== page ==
So you’ve got to get through that book quickly. Simple math precludes reading it cover-to-cover. There just isn’t enough time.

This, however, is a good thing. Because reading cover-to-cover often leads to drowning in details without seizing the book’s main point. Ever have that problem where you read a book and then some asks you what it was about? Uhh, it was, um, it’s was about like, uh, this guy. And he was, um, he was  the president, of like this country? Yeah, I think I’ll have to go back…

That’s what comes of passively reading front-to-back. Novels are a different animal and need to be read one word after another. They build suspense all the way through, and if you don’t follow the structure outlined by the writer, you’ll spoil the whole business.

But non-fiction is designed differently. Especially academic work. There’s no suspense. Any author worth his or her salt will expose the main ideas in the prologue or introduction, and will summarize them in the conclusion. This applies to the entire book and to each chapter. In other words all the key information is found at the extremities. So that’s where you should start.

Reading non-fiction is like eating pizza. You need to nibble on the edges and work your way in. Unless you want to get sauce all over your face.

I’m not saying you should ignore the deep dark interior of the work you’ve been assigned. I’m just suggesting you approach your reading in a different order. An ideal reading order might look like this:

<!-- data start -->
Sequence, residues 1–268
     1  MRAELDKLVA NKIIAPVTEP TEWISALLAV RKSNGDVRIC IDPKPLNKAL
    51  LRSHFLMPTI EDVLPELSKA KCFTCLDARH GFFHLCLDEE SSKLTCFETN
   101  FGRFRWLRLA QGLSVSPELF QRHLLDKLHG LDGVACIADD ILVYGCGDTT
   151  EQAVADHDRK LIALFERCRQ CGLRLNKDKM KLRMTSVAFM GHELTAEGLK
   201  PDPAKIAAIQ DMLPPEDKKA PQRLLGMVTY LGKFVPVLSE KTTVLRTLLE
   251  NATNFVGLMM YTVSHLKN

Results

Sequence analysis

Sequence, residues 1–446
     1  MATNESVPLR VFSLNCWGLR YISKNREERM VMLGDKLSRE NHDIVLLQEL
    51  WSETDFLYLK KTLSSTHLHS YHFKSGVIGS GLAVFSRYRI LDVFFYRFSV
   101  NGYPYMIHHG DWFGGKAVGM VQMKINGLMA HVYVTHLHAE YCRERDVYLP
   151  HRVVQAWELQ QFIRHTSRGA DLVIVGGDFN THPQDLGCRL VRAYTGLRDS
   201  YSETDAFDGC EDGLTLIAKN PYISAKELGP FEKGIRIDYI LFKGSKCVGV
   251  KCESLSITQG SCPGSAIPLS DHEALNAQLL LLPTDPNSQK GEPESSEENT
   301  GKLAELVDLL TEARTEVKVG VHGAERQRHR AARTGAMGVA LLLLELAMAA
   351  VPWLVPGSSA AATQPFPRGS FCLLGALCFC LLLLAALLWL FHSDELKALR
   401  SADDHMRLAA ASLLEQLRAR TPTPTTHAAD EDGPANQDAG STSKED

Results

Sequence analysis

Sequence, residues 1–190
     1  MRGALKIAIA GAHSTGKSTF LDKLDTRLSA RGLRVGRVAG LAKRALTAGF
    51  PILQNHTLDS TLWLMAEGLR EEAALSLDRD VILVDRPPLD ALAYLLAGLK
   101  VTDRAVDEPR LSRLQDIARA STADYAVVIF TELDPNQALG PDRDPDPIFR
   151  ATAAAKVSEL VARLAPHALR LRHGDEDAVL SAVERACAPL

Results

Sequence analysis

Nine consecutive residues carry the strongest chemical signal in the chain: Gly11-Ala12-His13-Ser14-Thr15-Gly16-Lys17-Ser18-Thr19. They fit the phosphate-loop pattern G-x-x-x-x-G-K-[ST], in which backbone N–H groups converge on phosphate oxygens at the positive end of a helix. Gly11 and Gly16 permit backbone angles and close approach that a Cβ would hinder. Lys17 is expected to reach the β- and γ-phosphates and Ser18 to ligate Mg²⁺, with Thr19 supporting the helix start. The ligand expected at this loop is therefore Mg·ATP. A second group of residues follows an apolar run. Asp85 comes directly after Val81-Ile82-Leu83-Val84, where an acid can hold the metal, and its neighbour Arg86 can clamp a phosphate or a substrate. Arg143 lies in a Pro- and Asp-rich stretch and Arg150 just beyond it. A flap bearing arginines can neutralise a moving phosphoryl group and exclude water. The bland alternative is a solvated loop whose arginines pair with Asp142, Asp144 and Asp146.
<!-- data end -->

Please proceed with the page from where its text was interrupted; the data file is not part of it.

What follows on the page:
1. Read the prologue. This is usually only a couple of pages. By the end of this, you should already have heard about the book’s main ideas. Note them down.
  2. Read the conclusion. If it’s a long, read the last paragraph first. This is where the author should give the last word on what this book is really about and why it matters. And those are the things your professor wants you to know.
  3. Read the introduction. This will also lay out the book’s main questions and will suggest how the author intends to answer them.

If you’ve done this, you should have a clear idea of what the book is about. These are the  sections that reveal the high-level, conceptual elements of the work. The lack of detail in these chapters is a good thing. It allows you to zero in on what’s  important. Then, when it comes time for class discussion, written responses, mid-terms, or final papers, you know you’ll be on the mark. Your prof is far more likely to appreciate your  grasp on the book’s main point than your ability to cite random details.